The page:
Author : Kelly Hourihan
Publisher : Press Kit
Published date : 7 November 2013
Fifteen-year-old Jane Shilling’s best friends don’t know her real name. In fact, they don’t know anything about her at all. Jane’s life has collapsed in the last few years; following the death of her mother, her father turned to drinking, and Jane is reeling from the double blow. To escape, Jane devises a number of online personas, each with a distinct personality, life history, and set of friends. But things become trickier when she finds herself drawing close to some of her online friends, and winds up struggling with the question of how to maintain a real friendship while masquerading as a fake person. With the help of Gary, a socially awkward classmate and competitive Skeeball player who is Jane’s only offline friend, and Nora, her therapist, Jane begins to sift through her issues. The only catch is that that involves taking a long, hard look at what her life’s like when the computer is shut off, and that’s a reality she’s been fighting for years.
I got a free copy of 4 to 16 Characters from Netgalley.
I’m intrigued by the blurb of this book. It’s about a girl who traps herself in cyberspace reality because her real life is messed up. Let’s face it, we are now living in internet era. Everyone is expected to be always on, which is why I’m attracted to this book.
Apparently, 4 to 16 Characters is written in epistolary form. We’ll read about Jane’s life through her e-mails, chats (or IMs), and blog posts which makes reading this book become fun. I enjoy reading her adventure in the cyber world as herself or a fictional person that she created. I’ve told you before that we are living in internet era; internet is a very common thing in our life and that's why sometimes people using the cyber space as an escape from real life. In Jane’s case, her mother has passed away and her father is an alcoholic. She writes fanfics and creates several online personas to escape her problem. It also affects her school life. She stops doing home assignments which make her teacher suggested her to see therapist.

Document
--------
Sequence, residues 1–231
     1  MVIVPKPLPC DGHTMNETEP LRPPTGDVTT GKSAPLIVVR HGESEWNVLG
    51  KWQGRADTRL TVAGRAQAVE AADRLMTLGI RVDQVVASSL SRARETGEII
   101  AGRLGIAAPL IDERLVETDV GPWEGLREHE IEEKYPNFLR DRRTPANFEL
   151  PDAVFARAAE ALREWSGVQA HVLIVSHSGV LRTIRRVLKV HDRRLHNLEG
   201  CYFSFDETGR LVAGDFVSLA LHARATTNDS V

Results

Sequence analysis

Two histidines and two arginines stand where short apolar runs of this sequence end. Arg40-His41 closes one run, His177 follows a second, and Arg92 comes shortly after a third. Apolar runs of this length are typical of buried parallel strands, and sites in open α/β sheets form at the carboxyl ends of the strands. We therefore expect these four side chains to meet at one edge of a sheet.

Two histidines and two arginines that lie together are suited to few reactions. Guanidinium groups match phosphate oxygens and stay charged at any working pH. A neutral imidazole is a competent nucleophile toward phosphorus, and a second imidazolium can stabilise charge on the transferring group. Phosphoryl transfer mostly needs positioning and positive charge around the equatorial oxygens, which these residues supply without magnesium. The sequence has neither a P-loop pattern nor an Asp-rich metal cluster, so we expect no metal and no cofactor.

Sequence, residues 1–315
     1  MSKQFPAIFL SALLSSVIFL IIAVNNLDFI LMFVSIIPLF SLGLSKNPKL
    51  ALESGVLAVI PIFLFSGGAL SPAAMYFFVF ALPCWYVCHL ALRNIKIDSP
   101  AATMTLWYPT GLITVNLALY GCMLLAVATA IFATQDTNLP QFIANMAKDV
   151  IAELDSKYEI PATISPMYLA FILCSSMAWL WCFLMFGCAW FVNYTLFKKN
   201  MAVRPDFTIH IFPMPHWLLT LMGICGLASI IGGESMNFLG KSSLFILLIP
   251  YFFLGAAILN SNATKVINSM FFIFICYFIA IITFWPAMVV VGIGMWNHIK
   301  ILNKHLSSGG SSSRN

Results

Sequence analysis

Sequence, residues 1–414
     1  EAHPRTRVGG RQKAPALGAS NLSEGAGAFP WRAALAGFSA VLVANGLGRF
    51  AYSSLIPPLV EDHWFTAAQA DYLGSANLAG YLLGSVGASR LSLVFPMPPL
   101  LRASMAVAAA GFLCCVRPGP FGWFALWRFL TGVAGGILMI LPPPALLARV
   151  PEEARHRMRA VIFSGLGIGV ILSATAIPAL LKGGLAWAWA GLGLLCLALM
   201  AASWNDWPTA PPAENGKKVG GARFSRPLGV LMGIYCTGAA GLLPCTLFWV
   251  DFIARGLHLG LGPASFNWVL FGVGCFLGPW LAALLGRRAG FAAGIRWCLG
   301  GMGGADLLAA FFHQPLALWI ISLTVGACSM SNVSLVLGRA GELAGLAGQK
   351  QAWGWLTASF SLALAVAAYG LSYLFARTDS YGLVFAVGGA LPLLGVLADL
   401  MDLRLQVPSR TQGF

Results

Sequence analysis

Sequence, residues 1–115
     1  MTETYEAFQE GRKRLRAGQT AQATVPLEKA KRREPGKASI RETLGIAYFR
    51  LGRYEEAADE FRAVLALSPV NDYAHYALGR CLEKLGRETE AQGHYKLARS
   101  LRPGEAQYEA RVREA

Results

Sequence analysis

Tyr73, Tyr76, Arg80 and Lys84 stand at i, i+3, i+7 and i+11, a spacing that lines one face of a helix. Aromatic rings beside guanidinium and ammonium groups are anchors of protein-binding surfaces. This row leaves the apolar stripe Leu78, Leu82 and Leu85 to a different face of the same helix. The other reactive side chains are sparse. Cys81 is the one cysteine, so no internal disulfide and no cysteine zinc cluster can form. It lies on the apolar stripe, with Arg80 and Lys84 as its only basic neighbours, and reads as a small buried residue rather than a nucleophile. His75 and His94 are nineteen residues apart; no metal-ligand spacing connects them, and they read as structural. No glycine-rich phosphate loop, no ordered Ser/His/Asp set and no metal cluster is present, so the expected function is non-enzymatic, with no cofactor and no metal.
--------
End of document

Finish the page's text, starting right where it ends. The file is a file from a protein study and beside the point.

Jane is one interesting teenager. She’s just a high school student, but she has a college girl persona and a graduate student persona who’s working on her thesis. I find Gary funny too. He’s a geeky kind of boy who’s also socially awkward. In fact, I first know about Skeeball from him. Jane, technically has two therapists. She successfully got rid of her first therapist with the help of internet just so she could get another one. Luckily, her second therapist, Nora, is much much better than the previous. Nora's able to open Jane’s heart by approaching Jane through the internet. Sounds silly, but it works. Nora's method makes her seems like a therapist who we can trust because she’s willing to understand us.
One down point for me is Jane’s Look to Tomorrow addiction. The problem is I don’t know if this TV show is real or not, but it’s mentioned so many times in this book. Sometimes we could read Jane’s LTT fanfics in the book and her thoughts about last night’s episode and it annoys me that I don’t understand any of it. It feels like I read two different books.
I do love the theme and the idea that are being presented in 4 to 16 characters. If only the author chose a real TV show or a fictional TV show that is less confusing, I’ll give more point to this book. You might want to check this book out if you like young adult books.